By: Mack Liederman
CEDAR RAPIDS, Iowa — It’s routine. They attend the church of baseball — almost religiously.
“Missed a game?” said Joan Reinberg with a chuckle as she leaned back in her usual seat on the main concourse at Veterans Memorial Stadium. “I don’t think I have in the last 20 years.”
It took a pandemic to keep Reinberg, 84, away from her beloved Cedar Rapids Kernels. She attended the entirety of the team’s first homestand, which marked the Kernels’ first games since a 610-day hiatus.
The return of Minor League Baseball means the Kernels’ most committed, tenured fans have not only regained their team, but also a way of life. Despite no games since 2019, more than 95% of season ticket holders retained their seats for the 2021 season, according to Andrea Brommelkamp, the team’s director of tickets and group sales.
Even without baseball, Brommelkamp and Reinberg stayed in touch during the pandemic, checking in over the phone, indulging in the occasional town gossip.
The team community holds “a special connection” for Reinberg. In the 1950s, her uncle Guy “Bud” Curran introduced the then-20-something Reinberg to the team. After he died in 2007, Curran’s regular seat became Reinberg’s regular seat. Right there on the main concourse, above the rest of the fans, just a little bit down the first-base line.
The ballpark, Reinberg said, brings her closer to her relatives. Baseball always has been about family. Curran worked as the team’s groundskeeper. Her late husband, Ernie Reinberg, was a season ticket holder, and her cousin Nancy Cram loved the Kernels too.
In a memorial before first pitch on May 5, Cram was honored alongside six other superfans who died before the team could return to play.
Reinberg wants the family pastime to live on. A love for the game is a gift of inheritance. With the Kernels back, she’s excited to bring her grandkids to games. Soon, her great-grandkids will come too.
“Eventually, they will be fans,” Reinberg said. “That’s right, it’s a family. The guys up there, I know all of them.”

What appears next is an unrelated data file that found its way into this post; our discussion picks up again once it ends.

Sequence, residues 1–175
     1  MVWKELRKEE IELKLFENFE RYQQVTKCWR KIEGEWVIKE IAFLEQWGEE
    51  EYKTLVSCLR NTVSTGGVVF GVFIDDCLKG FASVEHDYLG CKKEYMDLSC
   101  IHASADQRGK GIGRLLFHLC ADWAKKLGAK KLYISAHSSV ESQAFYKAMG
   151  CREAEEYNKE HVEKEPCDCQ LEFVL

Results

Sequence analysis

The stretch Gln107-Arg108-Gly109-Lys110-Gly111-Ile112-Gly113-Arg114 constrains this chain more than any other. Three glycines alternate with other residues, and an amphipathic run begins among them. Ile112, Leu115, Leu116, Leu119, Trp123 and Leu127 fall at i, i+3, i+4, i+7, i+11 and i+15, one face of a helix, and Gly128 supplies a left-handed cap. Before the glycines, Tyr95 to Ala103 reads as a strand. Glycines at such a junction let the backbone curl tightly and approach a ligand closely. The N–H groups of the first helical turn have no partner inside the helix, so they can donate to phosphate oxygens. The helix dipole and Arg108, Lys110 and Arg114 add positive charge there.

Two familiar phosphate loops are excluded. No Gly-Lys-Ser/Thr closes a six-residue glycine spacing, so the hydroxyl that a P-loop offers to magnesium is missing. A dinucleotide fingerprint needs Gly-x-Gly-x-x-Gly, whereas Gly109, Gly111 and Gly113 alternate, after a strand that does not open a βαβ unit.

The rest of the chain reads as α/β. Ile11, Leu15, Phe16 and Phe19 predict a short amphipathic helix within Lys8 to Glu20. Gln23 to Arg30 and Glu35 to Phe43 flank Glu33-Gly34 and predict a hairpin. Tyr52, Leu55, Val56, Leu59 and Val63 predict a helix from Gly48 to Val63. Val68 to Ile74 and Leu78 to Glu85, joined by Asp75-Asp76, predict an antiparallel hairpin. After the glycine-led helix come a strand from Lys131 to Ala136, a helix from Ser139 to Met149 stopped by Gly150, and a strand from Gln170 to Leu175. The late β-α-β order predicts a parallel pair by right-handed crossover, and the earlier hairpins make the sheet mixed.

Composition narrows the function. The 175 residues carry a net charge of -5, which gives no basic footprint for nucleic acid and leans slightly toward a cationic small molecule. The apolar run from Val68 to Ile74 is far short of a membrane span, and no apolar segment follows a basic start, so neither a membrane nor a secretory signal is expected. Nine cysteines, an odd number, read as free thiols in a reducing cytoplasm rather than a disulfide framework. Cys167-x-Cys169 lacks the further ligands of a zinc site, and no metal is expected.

The guys up there, Jim West and Tom Kelly, shared a fist-bump before settling into their usual seats on the concourse, a little up and to the left of Reinberg. It’s a straight shot above home plate. West watched closely as a Peoria Chiefs left fielder laid out for a diving catch.
“You’ll see plays here like that, that are just outstanding,” he said. “I mean, it’s just good baseball. It really is.”
Asking the duo why they love the game is a softball question. The answer is easy: They’re bona fide baseball buffs.
West has been attending Minor League Baseball since the late ’50s, when his dad took him to Midwest League games in his hometown of Dubuque. For 15 years, he has been going to see the Kernels, and now he’s back for more.
“I felt like there was no summer,” West said of his baseball-free free time last year. “To be in the stadium, to see everybody again, this is a big deal.”
In their seats, West and Kelly swapped stories and reminisced on players as far back as 30, 40 years ago. For them, part of the joy is in the hunt, spotting the next great talent before he reaches the major league.
“There was nobody better than Mike Trout when he was here 11 years ago,” Kelly said.
“We had Byron Buxton too,” chimed in West with pride.
Kelly’s memories of the Kernels go back to the early ’60s, when the team was still running through a gamut of nicknames: the Braves, the Giants, the Astros, the Reds.
During the pandemic, he tried to substitute the Kernels with his grandkid’s baseball games, but even they were limiting attendance at two seats per player. The return of the Kernels allowed Kelly to enjoy his more typical diet of baseball.
“I’ve been all over the Midwest watching the Kernels play,” Kelly said.
As the president of the Kernels booster club, Kelly used to organize field trips to road games in Waterloo, Dubuque, Clinton and Burlington. With MLB’s restructuring of Minor League Baseball during the pandemic, only the Quad Cities and Cedar Rapids teams remain within driving distance.
But that won’t stop Kelly and West from venturing out for some bonus baseball anyway. They just can’t get enough of the Kernels.
“I think most of the people that come here, they’re not like us,” West said. “We’ll be here all the time.”
Mack Liederman is a graduate student in the sports specialization master’s program at Northwestern’s Medill School of Journalism, Media, Integrated Marketing Communications. Twelve students were in Cedar Rapids, Davenport, Des Moines and South Bend recently reporting and writing stories on Minor League Baseball.